Hidden in the landscape of the fertile crescent of the Middle East, scientists say, lurk overlooked networks of small settlements that hold vital clues to ancient civilizations.
Beyond the impressive mounds of earth, known as tells in Arabic, that mark lost cities, researchers have found a way to give archaeologists a broader perspective of the ancient landscape. By combining spy-satellite photos obtained in the 1960s with modern multispectral images and digital maps of Earth's surface, the researchers have created a new method for mapping large-scale patterns of human settlement. The approach, used to map some 14,000 settlement sites spanning eight millennia in 23,000 square kilometres of northeastern Syria, is published today in theProceedings of the National Academy of Sciences1.
“Traditional archaeology goes straight to the biggest features — the palaces or cities — but we tend to ignore the settlements at the other end of the social spectrum,” says Jason Ur, an archaeologist at Harvard University in Cambridge, Massachusetts, who is co-author of the study. “The people who migrated to cities came from somewhere; we have to put these people back on the map.”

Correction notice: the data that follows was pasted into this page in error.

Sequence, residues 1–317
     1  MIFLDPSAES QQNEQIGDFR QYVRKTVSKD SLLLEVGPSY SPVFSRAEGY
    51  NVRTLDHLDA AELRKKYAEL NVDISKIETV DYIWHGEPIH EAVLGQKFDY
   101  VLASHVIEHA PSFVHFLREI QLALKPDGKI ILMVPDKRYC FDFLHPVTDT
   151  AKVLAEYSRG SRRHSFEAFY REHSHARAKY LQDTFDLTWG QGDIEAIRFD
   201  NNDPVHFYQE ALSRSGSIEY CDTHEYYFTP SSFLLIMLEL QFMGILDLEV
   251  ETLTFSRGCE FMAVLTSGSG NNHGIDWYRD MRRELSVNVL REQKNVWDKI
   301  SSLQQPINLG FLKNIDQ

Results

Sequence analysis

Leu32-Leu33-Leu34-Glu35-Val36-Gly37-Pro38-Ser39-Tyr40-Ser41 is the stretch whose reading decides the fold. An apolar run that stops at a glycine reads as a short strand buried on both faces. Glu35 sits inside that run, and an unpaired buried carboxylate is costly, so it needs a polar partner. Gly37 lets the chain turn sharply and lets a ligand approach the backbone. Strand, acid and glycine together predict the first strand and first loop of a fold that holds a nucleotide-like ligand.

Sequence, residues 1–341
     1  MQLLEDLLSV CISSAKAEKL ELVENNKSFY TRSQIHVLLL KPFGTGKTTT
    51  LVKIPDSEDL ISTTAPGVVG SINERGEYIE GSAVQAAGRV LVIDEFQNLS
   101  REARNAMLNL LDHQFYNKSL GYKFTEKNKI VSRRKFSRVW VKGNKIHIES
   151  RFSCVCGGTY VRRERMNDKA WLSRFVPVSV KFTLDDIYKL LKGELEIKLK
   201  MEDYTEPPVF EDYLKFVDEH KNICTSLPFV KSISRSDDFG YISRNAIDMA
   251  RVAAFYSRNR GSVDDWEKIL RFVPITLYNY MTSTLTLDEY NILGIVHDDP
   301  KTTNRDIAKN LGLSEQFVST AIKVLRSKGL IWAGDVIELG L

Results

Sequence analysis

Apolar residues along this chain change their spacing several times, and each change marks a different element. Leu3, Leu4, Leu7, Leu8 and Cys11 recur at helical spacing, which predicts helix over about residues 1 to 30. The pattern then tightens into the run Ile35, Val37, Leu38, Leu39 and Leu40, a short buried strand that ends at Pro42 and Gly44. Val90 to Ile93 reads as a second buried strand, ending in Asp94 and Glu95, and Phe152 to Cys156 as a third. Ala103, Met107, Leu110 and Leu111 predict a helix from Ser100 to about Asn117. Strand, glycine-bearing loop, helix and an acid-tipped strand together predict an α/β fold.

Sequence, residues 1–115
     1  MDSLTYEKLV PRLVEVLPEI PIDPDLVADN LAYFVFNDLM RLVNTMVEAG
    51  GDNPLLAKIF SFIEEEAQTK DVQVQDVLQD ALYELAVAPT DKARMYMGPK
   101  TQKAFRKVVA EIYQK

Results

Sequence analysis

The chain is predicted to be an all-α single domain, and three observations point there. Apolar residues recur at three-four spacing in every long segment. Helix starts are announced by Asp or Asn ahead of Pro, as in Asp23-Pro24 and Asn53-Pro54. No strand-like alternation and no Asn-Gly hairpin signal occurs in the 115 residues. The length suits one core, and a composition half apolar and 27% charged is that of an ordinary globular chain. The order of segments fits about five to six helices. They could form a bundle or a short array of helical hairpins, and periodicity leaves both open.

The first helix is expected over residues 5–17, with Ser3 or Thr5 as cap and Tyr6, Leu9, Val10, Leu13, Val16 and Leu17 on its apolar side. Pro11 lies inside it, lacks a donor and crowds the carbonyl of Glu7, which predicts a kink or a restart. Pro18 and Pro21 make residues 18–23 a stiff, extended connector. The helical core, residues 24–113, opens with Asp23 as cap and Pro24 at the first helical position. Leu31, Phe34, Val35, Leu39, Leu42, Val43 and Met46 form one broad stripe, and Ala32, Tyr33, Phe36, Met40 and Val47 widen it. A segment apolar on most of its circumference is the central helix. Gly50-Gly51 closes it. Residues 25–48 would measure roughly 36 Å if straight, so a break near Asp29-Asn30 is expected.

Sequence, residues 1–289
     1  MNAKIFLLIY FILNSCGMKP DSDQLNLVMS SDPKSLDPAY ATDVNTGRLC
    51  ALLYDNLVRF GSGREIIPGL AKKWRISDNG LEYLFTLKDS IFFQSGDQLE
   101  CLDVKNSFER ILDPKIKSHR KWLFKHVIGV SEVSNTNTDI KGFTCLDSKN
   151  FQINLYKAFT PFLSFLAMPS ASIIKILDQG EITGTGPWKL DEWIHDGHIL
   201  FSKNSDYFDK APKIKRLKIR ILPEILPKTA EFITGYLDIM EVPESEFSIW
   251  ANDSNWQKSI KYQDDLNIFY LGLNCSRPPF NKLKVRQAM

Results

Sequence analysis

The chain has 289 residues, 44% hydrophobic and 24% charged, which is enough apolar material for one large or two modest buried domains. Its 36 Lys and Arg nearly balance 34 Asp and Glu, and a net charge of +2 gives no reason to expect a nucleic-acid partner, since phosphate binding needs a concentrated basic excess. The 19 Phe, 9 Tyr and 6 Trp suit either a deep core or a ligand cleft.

Such comprehensive maps promise to uncover long-term trends in urban activity. “This kind of innovative large-scale application is what remote sensing has been promising archaeology for some years now; it will certainly help us to focus our attention on the big picture,” says Graham Philip, an archaeologist at Durham University, UK.
The satellite-based method relies on the fact that human activity leaves a distinctive signature on the soil, called anthrosols. Formed from organic waste and decayed mud-brick architecture, anthrosols are imbued with higher levels of organic matter and have a finer texture and lighter appearance than undisturbed soil — resulting in reflective properties that can be seen by satellites.
Analysis of the locations of ancient settlements can reveal the many connections between them. FROM REF 1
To sift through satellite images for those signatures, co-author Bjoern Menze, a research affiliate in computer science at the Massachusetts Institute of Technology in Cambridge, built on his skills from his day job identifying tumours in clinical images.